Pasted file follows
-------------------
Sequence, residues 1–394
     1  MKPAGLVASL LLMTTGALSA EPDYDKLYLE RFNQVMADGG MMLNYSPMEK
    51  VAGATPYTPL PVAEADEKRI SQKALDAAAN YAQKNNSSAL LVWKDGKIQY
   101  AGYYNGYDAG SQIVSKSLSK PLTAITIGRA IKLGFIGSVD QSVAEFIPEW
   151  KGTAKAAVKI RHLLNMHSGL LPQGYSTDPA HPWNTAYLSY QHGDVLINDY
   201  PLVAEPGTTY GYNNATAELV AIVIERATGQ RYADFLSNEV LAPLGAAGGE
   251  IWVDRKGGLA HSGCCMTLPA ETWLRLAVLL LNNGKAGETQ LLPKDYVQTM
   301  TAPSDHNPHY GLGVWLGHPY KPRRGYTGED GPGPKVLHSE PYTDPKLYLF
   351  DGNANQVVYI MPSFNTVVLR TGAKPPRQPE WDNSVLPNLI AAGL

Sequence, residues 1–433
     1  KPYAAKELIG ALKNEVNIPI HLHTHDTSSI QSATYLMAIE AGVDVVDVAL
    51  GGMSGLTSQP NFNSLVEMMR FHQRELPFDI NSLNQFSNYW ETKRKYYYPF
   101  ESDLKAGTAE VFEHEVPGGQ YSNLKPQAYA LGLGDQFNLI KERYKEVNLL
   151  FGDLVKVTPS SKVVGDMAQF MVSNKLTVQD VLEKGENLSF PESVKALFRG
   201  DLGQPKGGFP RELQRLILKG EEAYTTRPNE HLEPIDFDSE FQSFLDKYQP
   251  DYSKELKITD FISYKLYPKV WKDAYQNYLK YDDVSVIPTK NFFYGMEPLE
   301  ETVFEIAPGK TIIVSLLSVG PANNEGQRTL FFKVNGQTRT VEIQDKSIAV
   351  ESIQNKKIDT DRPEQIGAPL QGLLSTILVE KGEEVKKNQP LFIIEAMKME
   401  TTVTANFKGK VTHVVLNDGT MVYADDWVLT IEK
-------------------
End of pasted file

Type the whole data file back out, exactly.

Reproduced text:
Sequence, residues 1–394
     1  MKPAGLVASL LLMTTGALSA EPDYDKLYLE RFNQVMADGG MMLNYSPMEK
    51  VAGATPYTPL PVAEADEKRI SQKALDAAAN YAQKNNSSAL LVWKDGKIQY
   101  AGYYNGYDAG SQIVSKSLSK PLTAITIGRA IKLGFIGSVD QSVAEFIPEW
   151  KGTAKAAVKI RHLLNMHSGL LPQGYSTDPA HPWNTAYLSY QHGDVLINDY
   201  PLVAEPGTTY GYNNATAELV AIVIERATGQ RYADFLSNEV LAPLGAAGGE
   251  IWVDRKGGLA HSGCCMTLPA ETWLRLAVLL LNNGKAGETQ LLPKDYVQTM
   301  TAPSDHNPHY GLGVWLGHPY KPRRGYTGED GPGPKVLHSE PYTDPKLYLF
   351  DGNANQVVYI MPSFNTVVLR TGAKPPRQPE WDNSVLPNLI AAGL

Sequence, residues 1–433
     1  KPYAAKELIG ALKNEVNIPI HLHTHDTSSI QSATYLMAIE AGVDVVDVAL
    51  GGMSGLTSQP NFNSLVEMMR FHQRELPFDI NSLNQFSNYW ETKRKYYYPF
   101  ESDLKAGTAE VFEHEVPGGQ YSNLKPQAYA LGLGDQFNLI KERYKEVNLL
   151  FGDLVKVTPS SKVVGDMAQF MVSNKLTVQD VLEKGENLSF PESVKALFRG
   201  DLGQPKGGFP RELQRLILKG EEAYTTRPNE HLEPIDFDSE FQSFLDKYQP
   251  DYSKELKITD FISYKLYPKV WKDAYQNYLK YDDVSVIPTK NFFYGMEPLE
   301  ETVFEIAPGK TIIVSLLSVG PANNEGQRTL FFKVNGQTRT VEIQDKSIAV
   351  ESIQNKKIDT DRPEQIGAPL QGLLSTILVE KGEEVKKNQP LFIIEAMKME
   401  TTVTANFKGK VTHVVLNDGT MVYADDWVLT IEK